I really wanted a shower. I knew that labor would likely be long and disgusting, and then I still wouldn’t be able to shower right away afterward. Because of this, I really wanted to be as clean as possible at the beginning of the process. Mom and Jon were putting the finishing touches on my hospital bags, and I decided I did have time to get that shower before we left, so I hopped in. It was a lot harder than I expected, because things were getting worse really fast. I would wash my hair and then have to brace against the wall of the shower for a contraction. Then I would rinse my hair as quickly as I could and get conditioner in so it could set while I braced against the wall for another contraction. Don't even get me started on shaving my legs ... it was a bit tumultuous. Then, I did my hair and makeup (also a little tumultuous) while Mom got some food together and Jon made the bed and packed his own bag.

Because I’ve gotten some flack for this, a quick note about the hair and makeup. Yes, I flipped my head down, shaved my legs, and curly-dried my hair with a diffuser and put on makeup and earrings while my contractions were three minutes apart. (I actually meant to take off the earrings during labor, but apparently THAT was too much trouble – they never bothered me enough that I ever got around to it.) Here’s why.

In high school, I remember a lot of kids asking the teachers if we could wear pajamas to the SAT/ACT and AP tests. The answer was yes, but one teacher suggested that many people do better on big things like that if they “dress for success,” so to speak. The idea is that, if you feel your best, you’ll perform your best. Well, I feel the most confident when I’ve gotten “ready for the day,” so here on the cusp of my first child’s birth, I’m about to go into the most intense work I’ve ever done. I wanted to feel ready! (Plus, there are going to be pictures! Haha.) Would I do it again? Absolutely. I planned ahead to do the curly hair thing, which worked out perfectly because it’s a hairstyle that more or less can last days without feeling or looking greasy. I might take my earrings off next time and maybe nix the eyeliner. But other than that, I LOVED being able to feel just a little edge of extra preparedness, like I had taken the time to “get ready” for my time at the hospital, and I really loved not feeling desperate for a shower the whole time I was there. (For the record, Jon thinks I'm hardcore for the shaving thing. Haha.)

OK, so when we get in the car in a minute, which hospital are we going to actually drive to?

At this point, Jon called the Santa Clara hospital to see if they had room for us, and they said, “come on in.” (REALLY? That’s IT?*) We were still debating over the Oakland v. Santa Clara thing while I finished my makeup and made sure I hadn’t forgotten anything. I was so back and forth on this decision – in between contractions, I was totally fine and I was thinking, welllll, we’re not at rush hour quite yet and I really would like to get to Oakland … but then during contractions, I’d be struggling to breathe through them and basically demanding we go to Santa Clara so I could get drugs sooner rather than later. Then the contraction would end and I’d be wondering if I was being ridiculous and maybe we could make it to Oakland after all. Tentatively, I decided maybe we’d better head to Santa Clara, and Jon wanted me to be really sure about giving up on the Oakland option because he knew I had really wanted that. He didn’t want me to make a decision I would regret if the pain was manageable and it was worth it to me. In the end, though, I decided that while I wasn’t worried about getting to the hospital before the baby came (I was sure we weren’t THAT close), the contractions were getting way, way worse really, really quickly, and while I thought I could make it in my current condition, I was worried about my pain trajectory and where it would go over the next hour. So we decided that Santa Clara was going to be our choice, and we all three were happy with that.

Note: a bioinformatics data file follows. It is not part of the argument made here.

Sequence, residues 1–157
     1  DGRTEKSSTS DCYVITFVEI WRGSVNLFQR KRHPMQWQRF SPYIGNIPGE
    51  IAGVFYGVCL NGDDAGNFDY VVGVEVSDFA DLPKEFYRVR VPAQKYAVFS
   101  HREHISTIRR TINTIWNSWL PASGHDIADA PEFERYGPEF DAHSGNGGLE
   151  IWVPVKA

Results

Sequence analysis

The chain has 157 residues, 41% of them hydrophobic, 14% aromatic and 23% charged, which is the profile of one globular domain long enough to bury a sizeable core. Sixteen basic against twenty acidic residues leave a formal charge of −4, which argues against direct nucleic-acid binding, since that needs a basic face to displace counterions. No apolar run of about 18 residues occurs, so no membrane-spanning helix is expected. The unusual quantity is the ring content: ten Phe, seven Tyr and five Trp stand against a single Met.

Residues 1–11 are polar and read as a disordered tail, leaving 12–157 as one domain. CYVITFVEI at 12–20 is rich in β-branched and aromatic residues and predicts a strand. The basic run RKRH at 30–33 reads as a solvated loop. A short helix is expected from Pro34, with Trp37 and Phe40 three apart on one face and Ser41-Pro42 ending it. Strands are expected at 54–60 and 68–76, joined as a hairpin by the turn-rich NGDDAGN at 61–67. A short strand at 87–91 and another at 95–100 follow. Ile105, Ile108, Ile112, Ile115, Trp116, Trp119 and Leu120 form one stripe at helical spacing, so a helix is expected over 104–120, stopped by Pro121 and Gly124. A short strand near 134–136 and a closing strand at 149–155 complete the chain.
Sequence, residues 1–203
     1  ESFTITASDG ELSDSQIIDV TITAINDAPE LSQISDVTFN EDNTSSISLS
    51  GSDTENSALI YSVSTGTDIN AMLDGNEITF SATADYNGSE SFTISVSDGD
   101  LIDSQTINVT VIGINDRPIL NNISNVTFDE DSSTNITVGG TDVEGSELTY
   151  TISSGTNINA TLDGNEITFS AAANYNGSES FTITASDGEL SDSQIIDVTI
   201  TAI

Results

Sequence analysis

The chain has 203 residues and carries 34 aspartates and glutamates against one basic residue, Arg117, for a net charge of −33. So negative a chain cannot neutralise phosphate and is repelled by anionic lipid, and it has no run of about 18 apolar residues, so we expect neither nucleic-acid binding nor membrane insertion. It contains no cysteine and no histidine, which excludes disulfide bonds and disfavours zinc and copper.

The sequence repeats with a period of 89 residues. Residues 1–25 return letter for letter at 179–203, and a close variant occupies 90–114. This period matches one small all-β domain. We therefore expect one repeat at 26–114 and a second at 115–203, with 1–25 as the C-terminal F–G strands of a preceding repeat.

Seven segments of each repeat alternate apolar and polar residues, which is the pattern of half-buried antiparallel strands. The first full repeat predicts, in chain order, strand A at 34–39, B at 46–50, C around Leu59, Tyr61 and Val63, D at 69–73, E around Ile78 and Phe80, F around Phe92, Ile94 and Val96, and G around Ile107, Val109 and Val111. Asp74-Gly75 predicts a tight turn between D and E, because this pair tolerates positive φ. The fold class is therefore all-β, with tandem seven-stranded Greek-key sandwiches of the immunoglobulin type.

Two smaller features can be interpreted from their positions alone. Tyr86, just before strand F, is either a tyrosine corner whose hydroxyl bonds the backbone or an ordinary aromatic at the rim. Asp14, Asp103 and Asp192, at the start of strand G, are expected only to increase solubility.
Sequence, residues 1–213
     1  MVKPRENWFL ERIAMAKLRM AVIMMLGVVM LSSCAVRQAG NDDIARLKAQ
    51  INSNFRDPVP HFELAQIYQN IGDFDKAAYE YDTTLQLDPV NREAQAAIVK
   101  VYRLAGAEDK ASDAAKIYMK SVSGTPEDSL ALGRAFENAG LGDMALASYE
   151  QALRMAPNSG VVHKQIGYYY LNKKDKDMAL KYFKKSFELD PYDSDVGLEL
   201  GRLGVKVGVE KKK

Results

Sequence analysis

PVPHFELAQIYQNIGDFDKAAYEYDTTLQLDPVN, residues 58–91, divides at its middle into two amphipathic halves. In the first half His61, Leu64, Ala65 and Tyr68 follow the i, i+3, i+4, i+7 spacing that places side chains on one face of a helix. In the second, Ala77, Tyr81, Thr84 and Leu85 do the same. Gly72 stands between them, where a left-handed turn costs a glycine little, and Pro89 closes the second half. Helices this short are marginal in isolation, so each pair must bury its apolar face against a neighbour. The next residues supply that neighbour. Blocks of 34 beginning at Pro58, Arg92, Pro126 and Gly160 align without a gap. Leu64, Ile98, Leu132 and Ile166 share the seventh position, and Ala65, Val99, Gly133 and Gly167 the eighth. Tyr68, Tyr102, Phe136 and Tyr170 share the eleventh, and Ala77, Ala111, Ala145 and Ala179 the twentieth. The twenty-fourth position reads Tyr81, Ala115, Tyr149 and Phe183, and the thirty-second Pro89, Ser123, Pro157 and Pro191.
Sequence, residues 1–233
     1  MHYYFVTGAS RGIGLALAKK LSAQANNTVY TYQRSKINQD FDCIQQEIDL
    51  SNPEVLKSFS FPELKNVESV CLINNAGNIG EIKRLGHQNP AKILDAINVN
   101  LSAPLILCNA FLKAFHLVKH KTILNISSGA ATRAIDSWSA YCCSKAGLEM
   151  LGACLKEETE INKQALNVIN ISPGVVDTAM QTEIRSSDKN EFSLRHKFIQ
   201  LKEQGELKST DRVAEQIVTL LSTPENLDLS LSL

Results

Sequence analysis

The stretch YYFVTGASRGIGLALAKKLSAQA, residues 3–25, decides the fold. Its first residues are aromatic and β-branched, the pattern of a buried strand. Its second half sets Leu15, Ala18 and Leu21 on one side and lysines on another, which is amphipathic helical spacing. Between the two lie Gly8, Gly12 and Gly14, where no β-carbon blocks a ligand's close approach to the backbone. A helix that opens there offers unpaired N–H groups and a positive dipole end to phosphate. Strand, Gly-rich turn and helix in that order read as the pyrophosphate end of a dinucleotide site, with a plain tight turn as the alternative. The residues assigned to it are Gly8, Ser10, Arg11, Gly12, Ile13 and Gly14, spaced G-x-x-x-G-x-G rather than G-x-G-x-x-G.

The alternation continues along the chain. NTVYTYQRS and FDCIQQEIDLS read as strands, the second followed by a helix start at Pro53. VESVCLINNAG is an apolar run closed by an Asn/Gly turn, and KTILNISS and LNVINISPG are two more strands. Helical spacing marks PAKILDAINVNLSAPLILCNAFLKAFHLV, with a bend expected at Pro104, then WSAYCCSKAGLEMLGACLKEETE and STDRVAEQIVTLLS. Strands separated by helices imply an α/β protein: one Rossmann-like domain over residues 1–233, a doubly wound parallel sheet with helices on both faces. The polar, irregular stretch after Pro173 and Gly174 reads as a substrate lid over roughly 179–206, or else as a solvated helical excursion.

*I was pretty annoyed at first that the phone people were so chill with Jon while they gave me such a headache. People say that the husband is a better person to call, which at first annoyed me because, what, do they listen to him and trust him more because he isn’t in labor? My frame of mind was totally fine when I called. Then, though, I realized that Jon and I had different goals and were asking different questions with our phone calls – I wanted specific information to make my own decision, and when Jon called, he just wanting to make sure they’d let us in. Jon was asking the question they’re trained to answer, and their response was, “If she’s in labor, just come on in and we’ll make it work.”  Looking back, it seems like it might have been better to call my 1st choice place and just say, "I'm coming in, okay?" and then if they said they didn't have room and chose a second place for me, I could politely decline and make the next phone call.


  1. I told Sam what you wrote about dressing for success and he said "Dress for the baby you want, not the baby you're having."

  2. Woah. I am SO glad I've never had the hospital problems you had! I see what you mean about asking the question they're used to vs. asking the question you wanted answered. I've never asked if they had room, never even occurred to me that they wouldn't! Besides the fact that all 3 times (soon to be four) my doctor/midwife only worked at one hospital so I only really had one option. But besides that, nurses NEVER believe what you say. I've only had one nurse, among who knows how many, actually believe what I said during labor. Yet I have been 100% correct every time. Especially on my third go around. You'd think that we know a LITTLE something about our own bodies, yes?

  3. I know the feeling about the "in between" contractions thing at that phase of labor... one second it's like, "killmenowIcantstandup!" and then you're taking out the garbage and chatting and then it's like "holycrapwhyamIstillathome!!" ... kinda odd how long that can go on, isn't it??

  4. eagerly awaiting the next installment...